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The Chartered Institute of Housing is the independent voice for housing and the home of professional standards

'If longer fixed terms are going to be introduced, legislation is the best way forward'


What can the government do to improve security for private renters? CIH policy and practice officer David Pipe assesses its proposals to introduce longer tenancies.

The government has just finished consulting on plans to introduce longer tenancies for private renters.

In summary, its proposal is a three-year fixed term as standard. It would include a six-month ‘break clause’, where either party could end the tenancy for any reason. After that, tenants would still be able to end the tenancy if they wanted to move but landlords would only be able to end it in certain circumstances. And landlords would also have to set out at the beginning of the tenancy how often and how much rents could be increased by. Longer tenancies could be introduced either by legislation, which would make them mandatory in most cases, or by offering incentives for landlords to use them voluntarily.

38 per cent of private renters are families with children and, although the sector is often thought of as housing mainly younger people, the proportion of 55-64 year olds who live in the sector (10 per cent) has more than doubled since 2003/4. The proportion of 45-54 year olds (16 per cent) has more than trebled. While some tenants do value the flexibility that renting offers, there is clearly a growing group of tenants who need more security and who would benefit greatly from a longer tenancy.

Having discussed the plans with our members, we are therefore broadly supportive of what is being proposed.

However, we have used our response to raise a number of issues that the government still needs to think about. Here are four critical points that need further consideration:

1. Are longer fixed terms the best way to increase security? The Scottish Government has recently introduced reforms which go beyond those currently being proposed by eradicating fixed terms and ‘no fault’ evictions entirely. Instead landlords will only ever be able to end a tenancy by using one of 18 specific grounds for eviction. While longer fixed terms are undoubtedly a big improvement on the current system, 48 per cent of our members who took part in our survey on the consultation said that they would prefer to see the Scottish system introduced in England as well. This compares to 41 per cent who favoured longer fixed terms. Are indefinite tenancies something the government could seriously consider?

2. Legislation is the best way forward. If longer fixed terms are going to be introduced, we would very much encourage government to do this via legislation so that they become mandatory (except for a few specific exceptions). While a voluntary system would offer greater security for some, our concern is that not all prospective tenants are able to exert the same degree of leverage to ask for a longer tenancy. Some groups already find it difficult to find anyone who will let to them and so we are concerned that a voluntary system might only benefit those tenants who, for whatever reason, are seen as being more desirable by landlords/letting agents. The Sun reports today that the government is planning to opt for a voluntary system over fears legislation would scare off investment in property development. This would be very disappointing – and given that the consultation does a very decent job of balancing the needs of tenants and landlords, I think those fears would be unfounded.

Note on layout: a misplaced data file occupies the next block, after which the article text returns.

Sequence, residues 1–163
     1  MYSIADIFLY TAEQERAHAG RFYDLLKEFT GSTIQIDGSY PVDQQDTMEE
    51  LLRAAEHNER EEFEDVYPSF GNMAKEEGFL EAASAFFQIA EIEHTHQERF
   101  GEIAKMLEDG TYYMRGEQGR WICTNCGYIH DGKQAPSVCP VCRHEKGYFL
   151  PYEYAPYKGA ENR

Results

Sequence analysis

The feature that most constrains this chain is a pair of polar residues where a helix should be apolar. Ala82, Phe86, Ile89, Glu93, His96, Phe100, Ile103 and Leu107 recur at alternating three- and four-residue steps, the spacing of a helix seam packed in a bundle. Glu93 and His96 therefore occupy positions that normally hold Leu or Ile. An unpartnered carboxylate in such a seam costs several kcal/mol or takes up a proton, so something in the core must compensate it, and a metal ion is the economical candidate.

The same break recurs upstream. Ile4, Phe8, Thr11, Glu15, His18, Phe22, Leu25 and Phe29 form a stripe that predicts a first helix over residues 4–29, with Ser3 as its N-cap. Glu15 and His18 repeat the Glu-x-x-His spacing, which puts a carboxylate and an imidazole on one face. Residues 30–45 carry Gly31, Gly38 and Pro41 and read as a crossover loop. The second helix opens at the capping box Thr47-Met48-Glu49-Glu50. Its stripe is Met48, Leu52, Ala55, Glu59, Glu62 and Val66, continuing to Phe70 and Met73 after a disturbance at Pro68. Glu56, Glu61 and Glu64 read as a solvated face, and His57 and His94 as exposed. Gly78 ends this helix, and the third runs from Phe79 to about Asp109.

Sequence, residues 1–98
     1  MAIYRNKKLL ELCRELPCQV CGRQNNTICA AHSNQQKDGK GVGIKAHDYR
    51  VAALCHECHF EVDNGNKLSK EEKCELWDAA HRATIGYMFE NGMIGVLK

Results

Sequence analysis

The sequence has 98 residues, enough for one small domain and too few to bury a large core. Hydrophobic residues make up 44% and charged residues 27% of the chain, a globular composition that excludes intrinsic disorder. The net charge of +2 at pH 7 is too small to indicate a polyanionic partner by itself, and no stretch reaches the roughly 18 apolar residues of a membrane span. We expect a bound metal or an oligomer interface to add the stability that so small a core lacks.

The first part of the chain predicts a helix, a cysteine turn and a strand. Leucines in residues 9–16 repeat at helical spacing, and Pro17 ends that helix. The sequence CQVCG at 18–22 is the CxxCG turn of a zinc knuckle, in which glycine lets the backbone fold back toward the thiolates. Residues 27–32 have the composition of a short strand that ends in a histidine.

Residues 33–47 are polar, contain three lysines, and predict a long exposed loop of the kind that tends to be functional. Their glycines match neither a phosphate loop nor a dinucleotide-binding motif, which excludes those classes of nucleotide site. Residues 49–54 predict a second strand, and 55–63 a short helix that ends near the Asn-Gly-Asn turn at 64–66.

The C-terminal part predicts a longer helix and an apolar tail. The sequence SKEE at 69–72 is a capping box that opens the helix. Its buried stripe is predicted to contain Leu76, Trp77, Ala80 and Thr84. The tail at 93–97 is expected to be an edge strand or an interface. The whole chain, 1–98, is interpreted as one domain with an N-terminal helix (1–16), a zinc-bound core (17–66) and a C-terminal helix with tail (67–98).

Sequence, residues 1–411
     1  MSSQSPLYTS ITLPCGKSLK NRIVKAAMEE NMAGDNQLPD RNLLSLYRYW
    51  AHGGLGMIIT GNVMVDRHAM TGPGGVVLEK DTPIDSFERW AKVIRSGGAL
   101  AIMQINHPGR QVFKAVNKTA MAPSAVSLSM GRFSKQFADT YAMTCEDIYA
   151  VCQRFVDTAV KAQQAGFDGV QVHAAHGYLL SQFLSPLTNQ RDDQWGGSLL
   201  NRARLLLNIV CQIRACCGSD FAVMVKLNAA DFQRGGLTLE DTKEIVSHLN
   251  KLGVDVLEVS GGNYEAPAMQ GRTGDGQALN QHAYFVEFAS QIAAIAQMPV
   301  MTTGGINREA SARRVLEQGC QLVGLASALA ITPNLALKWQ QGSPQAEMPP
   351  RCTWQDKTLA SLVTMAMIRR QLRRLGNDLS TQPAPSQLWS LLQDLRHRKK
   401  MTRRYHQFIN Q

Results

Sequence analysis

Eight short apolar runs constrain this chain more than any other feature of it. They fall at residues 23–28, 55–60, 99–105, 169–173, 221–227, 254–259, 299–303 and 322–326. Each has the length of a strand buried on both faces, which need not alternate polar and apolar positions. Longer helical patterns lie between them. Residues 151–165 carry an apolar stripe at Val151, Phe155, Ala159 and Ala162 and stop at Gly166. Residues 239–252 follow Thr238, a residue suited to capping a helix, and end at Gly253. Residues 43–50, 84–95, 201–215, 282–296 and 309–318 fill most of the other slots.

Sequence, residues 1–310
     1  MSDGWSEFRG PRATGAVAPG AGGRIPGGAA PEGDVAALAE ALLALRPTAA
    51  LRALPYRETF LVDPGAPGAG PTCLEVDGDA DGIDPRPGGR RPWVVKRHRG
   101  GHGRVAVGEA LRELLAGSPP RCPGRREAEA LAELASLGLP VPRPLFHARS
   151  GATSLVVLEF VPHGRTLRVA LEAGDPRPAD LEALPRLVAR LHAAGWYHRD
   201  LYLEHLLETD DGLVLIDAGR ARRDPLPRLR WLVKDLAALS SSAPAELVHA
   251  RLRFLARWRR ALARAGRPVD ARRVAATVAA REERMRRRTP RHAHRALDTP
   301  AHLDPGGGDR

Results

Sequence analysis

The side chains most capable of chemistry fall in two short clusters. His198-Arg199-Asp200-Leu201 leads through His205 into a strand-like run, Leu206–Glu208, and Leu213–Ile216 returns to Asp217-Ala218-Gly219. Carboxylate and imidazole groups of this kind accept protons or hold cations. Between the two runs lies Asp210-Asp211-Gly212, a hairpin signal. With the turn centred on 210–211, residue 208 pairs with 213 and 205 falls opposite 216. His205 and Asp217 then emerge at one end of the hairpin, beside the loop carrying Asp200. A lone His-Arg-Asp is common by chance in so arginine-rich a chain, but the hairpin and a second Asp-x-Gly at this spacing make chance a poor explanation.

3. Landlords still need to know that they can recover properties easily when there are problems. It’s important to recognise that landlords have a legitimate need to recover properties quickly in the event that there are problems, such as rent arrears. The present system of ‘no fault’ evictions usually allows them to do this but on the occasions when they do have to go to court the process is simply far too slow. Longer fixed terms will mean that landlords will need to rely on the courts more frequently if there are problems, and at present the system isn’t really fit for purpose. It is therefore absolutely essential that separate plans to establish a stand-alone housing court lead to a faster and more cost-efficient system for considering possession cases. Otherwise longer tenancies will mean much greater risks for landlords.

4. A longer fixed term doesn’t mean more security if you can’t afford the rent. Although most evictions are supposedly ‘no fault’ evictions, there is some evidence that when landlords end a tenancy it is most commonly because of rent arrears. Therefore if the government’s aim is to reduce the number of evictions, it is essential to also address the causes of these arrears. This means looking again at a number of welfare cuts that made renting increasingly unaffordable for many households. For example our recent research into the impact of cuts to local housing allowance rates shows this very clearly, with typical households who rely on housing benefit facing a shortfall of between £25 and £260 per month. If government does not reverse this and other cuts there is a real danger that, regardless of what tenancy regime is put in place, people still may not be able to keep up with their rent.

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